Shewhart’s Theory for Statistical Process Control (SPC)

Shewhart’s Theory for Statistical Process Control (SPC) requires a change in thinking from error detection to error prevention and has a number of benefits in health care. Several of the benefits include patient focus, increased quality awareness, decisions based on data, implementing predictable health care processes, reduced costs, fewer errors resulting in increased patient safety, and improved processes that result in improved health care outcomes and better quality care. However, every process varies. In SPC terminology as it relates to a control chart, a common cause variation does not suggest that a process functions at a desirable or undesirable level, but whether the nature of the variation is stable or predictable within certain limits. A special cause variation is a negative finding, and any changes made in a health care organization should not be made until it identifies and eliminates special causes. A control chart will tell a health care organization if a variation is a common or special cause and how to approach an improvement process. If it is a special cause the health care organization should investigate it and eliminate the variation, not change the process. If there is a common cause variation, the implementation of a process change is what will address the variation. Control charts will reveal whether the change was effective (Joshi, 2014).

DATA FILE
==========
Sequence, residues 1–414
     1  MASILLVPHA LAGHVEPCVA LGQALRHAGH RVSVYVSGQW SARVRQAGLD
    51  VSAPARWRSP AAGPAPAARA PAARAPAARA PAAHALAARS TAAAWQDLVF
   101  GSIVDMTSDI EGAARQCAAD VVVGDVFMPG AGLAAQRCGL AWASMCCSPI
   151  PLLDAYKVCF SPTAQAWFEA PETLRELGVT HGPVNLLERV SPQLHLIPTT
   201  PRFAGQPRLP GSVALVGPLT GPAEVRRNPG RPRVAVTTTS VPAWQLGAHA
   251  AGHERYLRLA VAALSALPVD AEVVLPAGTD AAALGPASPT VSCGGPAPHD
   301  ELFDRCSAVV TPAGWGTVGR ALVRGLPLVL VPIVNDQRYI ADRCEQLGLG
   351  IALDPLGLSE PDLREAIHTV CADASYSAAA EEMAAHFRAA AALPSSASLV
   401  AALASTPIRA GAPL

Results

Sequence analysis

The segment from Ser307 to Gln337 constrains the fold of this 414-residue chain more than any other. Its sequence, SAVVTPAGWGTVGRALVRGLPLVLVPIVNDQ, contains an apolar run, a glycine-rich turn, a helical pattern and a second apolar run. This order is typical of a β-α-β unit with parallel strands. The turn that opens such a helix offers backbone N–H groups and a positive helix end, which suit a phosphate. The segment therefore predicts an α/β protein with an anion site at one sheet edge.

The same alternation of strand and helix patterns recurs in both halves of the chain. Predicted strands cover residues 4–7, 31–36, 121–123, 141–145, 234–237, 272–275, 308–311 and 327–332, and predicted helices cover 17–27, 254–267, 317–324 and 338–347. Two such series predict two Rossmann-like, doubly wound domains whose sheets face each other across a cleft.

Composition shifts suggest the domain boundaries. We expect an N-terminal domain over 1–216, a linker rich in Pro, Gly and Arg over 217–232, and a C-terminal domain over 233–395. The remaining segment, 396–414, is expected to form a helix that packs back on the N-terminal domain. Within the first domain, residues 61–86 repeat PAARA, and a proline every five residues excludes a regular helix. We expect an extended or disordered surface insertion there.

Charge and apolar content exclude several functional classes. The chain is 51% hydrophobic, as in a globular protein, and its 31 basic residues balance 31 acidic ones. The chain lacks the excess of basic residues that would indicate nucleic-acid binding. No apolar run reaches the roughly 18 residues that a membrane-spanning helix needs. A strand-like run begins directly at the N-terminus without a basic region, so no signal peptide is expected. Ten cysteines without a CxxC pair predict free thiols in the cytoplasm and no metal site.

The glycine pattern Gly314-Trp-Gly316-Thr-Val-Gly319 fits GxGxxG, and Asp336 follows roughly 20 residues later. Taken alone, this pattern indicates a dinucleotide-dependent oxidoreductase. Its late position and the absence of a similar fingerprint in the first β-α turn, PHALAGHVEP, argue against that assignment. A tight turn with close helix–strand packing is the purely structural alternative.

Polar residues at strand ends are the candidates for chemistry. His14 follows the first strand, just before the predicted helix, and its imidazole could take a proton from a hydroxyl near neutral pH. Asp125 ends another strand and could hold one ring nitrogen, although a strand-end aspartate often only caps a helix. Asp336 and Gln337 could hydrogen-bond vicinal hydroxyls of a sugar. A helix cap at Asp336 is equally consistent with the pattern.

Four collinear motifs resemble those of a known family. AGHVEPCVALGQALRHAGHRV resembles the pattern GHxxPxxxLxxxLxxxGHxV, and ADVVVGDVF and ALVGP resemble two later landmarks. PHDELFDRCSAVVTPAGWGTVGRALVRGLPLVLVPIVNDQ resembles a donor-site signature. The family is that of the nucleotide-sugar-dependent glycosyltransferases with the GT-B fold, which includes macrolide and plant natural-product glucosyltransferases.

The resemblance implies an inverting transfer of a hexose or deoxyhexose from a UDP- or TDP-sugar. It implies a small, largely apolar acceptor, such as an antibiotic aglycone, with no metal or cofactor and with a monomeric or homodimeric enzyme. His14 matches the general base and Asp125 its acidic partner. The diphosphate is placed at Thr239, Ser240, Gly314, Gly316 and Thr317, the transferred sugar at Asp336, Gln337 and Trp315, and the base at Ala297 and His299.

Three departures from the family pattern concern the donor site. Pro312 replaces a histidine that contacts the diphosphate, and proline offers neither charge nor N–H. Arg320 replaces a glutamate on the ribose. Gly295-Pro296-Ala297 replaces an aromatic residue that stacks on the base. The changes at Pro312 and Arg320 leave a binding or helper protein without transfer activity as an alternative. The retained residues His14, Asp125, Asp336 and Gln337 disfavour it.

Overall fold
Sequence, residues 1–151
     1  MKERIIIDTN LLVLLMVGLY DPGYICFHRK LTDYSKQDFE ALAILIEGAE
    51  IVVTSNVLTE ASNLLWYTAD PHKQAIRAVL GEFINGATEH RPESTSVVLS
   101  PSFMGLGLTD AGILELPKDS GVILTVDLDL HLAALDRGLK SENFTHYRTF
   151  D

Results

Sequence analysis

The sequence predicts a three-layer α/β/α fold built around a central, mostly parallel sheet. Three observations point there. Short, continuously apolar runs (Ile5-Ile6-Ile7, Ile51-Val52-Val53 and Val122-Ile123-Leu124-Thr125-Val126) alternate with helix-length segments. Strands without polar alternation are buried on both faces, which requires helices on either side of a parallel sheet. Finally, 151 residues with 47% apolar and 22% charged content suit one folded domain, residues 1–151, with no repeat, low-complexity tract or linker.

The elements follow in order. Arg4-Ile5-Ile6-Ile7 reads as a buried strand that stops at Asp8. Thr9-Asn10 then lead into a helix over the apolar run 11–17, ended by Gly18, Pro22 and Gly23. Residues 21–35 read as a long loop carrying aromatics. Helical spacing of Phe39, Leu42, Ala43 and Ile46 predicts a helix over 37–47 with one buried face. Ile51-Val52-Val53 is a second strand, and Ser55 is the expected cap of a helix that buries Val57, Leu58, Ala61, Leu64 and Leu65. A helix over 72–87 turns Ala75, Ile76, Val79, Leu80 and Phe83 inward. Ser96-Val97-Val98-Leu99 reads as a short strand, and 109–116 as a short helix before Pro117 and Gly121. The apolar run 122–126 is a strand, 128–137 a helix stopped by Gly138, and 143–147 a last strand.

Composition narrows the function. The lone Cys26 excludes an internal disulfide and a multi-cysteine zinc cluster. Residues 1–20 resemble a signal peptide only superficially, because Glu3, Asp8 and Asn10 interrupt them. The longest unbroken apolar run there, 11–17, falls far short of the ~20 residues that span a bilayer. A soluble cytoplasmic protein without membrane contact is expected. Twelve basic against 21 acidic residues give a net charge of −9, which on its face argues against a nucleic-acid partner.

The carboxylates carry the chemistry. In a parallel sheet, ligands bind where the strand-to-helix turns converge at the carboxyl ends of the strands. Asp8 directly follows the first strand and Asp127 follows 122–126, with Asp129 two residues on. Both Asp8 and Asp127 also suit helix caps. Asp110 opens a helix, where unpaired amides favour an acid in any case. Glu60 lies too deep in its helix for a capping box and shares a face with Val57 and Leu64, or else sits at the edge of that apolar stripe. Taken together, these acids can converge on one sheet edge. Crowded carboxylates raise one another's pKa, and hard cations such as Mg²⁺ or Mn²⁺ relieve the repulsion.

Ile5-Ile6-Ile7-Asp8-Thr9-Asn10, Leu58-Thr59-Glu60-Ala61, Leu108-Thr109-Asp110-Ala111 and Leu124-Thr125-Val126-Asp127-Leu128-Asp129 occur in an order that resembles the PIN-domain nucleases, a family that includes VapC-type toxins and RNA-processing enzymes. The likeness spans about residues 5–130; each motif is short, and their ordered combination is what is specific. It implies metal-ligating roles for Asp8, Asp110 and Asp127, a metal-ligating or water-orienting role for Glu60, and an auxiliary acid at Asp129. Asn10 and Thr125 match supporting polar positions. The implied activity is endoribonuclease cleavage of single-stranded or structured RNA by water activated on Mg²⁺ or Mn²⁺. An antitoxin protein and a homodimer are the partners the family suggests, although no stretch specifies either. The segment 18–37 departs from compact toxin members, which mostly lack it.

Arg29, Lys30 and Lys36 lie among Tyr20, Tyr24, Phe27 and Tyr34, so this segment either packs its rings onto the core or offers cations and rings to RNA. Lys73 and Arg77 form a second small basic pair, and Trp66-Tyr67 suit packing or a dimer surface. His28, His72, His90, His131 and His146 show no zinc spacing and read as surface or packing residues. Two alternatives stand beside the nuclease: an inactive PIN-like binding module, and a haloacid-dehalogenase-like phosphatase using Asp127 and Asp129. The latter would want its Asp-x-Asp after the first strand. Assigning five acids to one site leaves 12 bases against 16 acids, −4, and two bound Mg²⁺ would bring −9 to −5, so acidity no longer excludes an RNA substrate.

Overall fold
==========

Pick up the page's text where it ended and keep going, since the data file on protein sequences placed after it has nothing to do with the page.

In this Discussion, you will look at these statistical tools for quality improvement and describe the differences between common cause variation and special cause variation. You will also explain any ethical, legal, or moral obligations that would support your rationale.

Read the following situations and determine whether each situation is a common cause variation or a special cause variation:

1. Dispensing the wrong medication to a patient

2. Dispensing the correct medication several hours after it was supposed to be dispensed

For both of these examples, apply data-collection and statistical tools to measure and explain your rationale for your determination.


Kachalia, A. (2013). Improving patient safety through transparency. New England Journal of Medicine, 369(18), 1677–1679.

Nelson, W. A. (2014). Proposed ethical guidelines for quality improvement. Healthcare executive, 29(2), 52–55.

Squazzo, J. D. (2014). The ethics of access to care and care disparities. Healthcare Executive, 29(1), 32–6, 38–9.

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